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Rashomon and Seventeen Other Stories (Penguin Classics Deluxe Edition) Paperback – March 3, 2009
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About the Author
Akutagawa Ryunosuke (1892-1927), short-story writer, poet, and essayist, one of the first Japanese modernists translated into English. He was born in Tokyo in 1892, and began writing for student publications at the age of ten. He graduated from Tokyo University in 1916 with an English Literature degree and worked as a teacher before becoming a full time writer in 1919. His mother had gone mad suddenly just months after his birth and he was plagued by fear of inherited insanity all his life. He killed himself in 1927.
Haruki Murakami has written eleven novels, eight volumes of short stories and numerous works of non-fiction, as well as translating much American literature into Japanese. His most famous novels are Norwegian Wood, The Wind-up Bird Chronicle, and Kafka on the Shore.
Jay Rubin has translated several of Murakami's works into English and is also the author of Haruki Murakami and the Music of Words. He has been professor of Japanese Literature at the Universities of Washington and Harvard.
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For much of Akutagawa's early career, he delved into Japan's literary past. The story "Loyalty" is a complex tale based on a true event that took place during the Tokugawa period, when the young head of a noble family went insane, creating a crisis among his samurai retainers. Samurai were meant to be loyal to the death, but that loyalty also extended to the Shogun. If one's master posed a thread to the Shogun, where should your loyalty lie? This is the problem that faces two very different retainers, each of whom must make an almost impossible decision. The story explores not only loyalty, but the issues of sanity, respect, obligation, and shame.
Some of the more humorous stories include "Horse Legs" and "The Story of a Head That Fell Off", both involving dead men who suffer terrible humiliations, one at the hand of some spiritual bureaucrats, and the other because of a medical miracle. But the final section of the book, which include those selections that tell Akutagawa's own story, is possibly the most moving and compelling. Akutagawa's childhood was difficult, as his mother went insane shortly after his birth. He was afraid of mental illness for the remainder of his life, and the final story of the book, "Spinning Gears" tells the tale of his last months spent in depression and constant anxiety. He suffered from insomnia, hallucinations, and constantly worried about his own sanity. It is the final passage of the story that conveys Akutagawa's overwhelming despair:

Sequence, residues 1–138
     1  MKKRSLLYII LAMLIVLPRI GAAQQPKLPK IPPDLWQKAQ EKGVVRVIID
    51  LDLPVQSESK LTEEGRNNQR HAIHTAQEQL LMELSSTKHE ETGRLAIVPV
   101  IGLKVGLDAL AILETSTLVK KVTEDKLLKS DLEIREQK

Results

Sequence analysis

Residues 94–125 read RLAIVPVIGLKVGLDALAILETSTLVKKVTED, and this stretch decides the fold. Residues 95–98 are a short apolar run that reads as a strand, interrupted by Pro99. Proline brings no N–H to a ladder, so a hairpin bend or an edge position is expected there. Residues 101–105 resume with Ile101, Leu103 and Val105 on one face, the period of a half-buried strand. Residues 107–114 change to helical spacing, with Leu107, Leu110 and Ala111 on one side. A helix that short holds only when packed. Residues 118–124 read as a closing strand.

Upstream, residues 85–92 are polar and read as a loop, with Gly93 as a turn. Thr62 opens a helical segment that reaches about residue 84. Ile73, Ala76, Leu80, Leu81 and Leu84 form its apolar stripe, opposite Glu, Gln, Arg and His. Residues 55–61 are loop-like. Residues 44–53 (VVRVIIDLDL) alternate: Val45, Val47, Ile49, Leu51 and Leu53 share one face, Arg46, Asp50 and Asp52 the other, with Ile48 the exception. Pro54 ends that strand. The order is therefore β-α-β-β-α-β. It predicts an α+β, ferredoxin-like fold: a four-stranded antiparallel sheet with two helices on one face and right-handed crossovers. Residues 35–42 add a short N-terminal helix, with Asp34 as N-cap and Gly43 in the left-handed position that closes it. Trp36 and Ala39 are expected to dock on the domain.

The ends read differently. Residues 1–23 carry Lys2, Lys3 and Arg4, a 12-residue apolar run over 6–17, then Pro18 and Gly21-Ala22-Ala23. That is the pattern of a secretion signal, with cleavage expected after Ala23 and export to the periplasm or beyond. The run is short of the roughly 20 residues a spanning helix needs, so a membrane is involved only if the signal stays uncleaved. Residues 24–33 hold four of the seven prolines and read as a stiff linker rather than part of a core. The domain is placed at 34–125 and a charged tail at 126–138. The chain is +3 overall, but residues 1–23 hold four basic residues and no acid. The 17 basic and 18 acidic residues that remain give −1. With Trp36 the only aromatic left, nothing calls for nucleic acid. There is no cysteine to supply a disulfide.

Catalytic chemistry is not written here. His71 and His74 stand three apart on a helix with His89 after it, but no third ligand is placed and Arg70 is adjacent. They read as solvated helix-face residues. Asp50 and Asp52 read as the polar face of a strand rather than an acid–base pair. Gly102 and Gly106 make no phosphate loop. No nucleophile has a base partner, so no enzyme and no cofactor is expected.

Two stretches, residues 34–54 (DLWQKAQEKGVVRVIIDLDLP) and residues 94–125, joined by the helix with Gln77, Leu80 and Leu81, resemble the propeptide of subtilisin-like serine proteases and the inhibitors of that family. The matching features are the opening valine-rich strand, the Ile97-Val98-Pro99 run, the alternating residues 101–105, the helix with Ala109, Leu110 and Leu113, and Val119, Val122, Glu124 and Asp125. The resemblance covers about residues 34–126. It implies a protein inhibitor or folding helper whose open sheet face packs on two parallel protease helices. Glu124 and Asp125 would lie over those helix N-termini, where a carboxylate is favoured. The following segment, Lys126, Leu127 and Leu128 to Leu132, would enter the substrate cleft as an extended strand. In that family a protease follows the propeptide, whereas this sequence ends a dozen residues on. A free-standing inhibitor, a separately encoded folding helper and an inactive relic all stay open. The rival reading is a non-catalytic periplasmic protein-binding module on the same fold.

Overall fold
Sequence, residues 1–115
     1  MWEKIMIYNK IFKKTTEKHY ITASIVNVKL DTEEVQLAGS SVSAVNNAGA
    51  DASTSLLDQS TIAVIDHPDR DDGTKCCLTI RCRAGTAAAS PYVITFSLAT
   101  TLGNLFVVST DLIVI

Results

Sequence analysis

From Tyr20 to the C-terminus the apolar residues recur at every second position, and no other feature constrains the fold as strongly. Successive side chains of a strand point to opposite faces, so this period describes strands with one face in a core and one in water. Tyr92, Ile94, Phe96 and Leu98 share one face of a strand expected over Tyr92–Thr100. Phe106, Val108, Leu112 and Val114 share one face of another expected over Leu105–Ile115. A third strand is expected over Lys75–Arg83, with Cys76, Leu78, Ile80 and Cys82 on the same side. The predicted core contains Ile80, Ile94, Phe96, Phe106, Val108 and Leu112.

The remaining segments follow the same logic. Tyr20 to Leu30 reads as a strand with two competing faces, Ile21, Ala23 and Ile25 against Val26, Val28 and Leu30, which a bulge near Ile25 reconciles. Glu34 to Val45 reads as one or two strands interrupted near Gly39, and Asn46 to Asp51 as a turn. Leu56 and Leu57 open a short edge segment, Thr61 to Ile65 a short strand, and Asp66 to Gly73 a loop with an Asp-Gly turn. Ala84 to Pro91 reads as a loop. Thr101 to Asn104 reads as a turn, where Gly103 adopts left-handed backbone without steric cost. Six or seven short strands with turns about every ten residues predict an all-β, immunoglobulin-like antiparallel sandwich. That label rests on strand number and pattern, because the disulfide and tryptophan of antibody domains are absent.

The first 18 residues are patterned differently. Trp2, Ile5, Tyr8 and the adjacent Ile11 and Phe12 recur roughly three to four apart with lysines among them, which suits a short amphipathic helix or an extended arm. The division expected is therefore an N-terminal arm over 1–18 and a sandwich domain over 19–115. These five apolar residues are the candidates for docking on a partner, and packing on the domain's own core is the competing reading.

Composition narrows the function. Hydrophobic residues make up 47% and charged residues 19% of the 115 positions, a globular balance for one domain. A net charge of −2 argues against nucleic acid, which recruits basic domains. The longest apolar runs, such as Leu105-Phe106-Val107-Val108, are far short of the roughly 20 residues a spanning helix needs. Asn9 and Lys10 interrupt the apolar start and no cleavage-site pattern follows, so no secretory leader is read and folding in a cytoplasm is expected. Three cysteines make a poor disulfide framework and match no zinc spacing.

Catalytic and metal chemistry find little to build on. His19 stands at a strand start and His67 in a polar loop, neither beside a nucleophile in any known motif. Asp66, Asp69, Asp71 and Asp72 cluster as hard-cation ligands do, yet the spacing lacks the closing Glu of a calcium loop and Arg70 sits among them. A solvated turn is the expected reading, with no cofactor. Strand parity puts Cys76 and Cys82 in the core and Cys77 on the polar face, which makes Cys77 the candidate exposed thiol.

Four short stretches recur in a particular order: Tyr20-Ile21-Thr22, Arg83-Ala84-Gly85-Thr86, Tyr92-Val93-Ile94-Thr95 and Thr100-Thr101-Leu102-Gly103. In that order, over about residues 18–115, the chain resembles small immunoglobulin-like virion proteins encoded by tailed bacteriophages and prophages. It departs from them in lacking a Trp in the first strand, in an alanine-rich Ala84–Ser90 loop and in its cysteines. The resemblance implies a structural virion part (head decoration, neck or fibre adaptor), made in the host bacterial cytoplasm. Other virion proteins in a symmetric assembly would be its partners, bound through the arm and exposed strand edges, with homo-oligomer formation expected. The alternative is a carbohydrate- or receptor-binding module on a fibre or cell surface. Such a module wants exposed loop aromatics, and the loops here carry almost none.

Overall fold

"I don't have the strength to keep writing this. To go on living with this feeling is painful beyond description. Isn't there someone kind enough to strangle me in my sleep"
The story was published posthumously in 1927, the year Akutagawa took his own life. The story progresses toward that inevitable conclusion, and gives us an insight into Akutagawa's tortured mind.
Later stories included in the book, from 1925 to 1927 are more autobiographical or personal, and while revealing how similar that people feel about fear, stress, anxiety, and how we live within communal society, sadly, these stories show how the author is losing his equilibrium and peace of mind. It is difficult to parse out if it is the fear of going insane or if it is actual instability precipitating his emotional frailty.
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this country. I'd say give it a shot if you're looking for an interesting read.Read more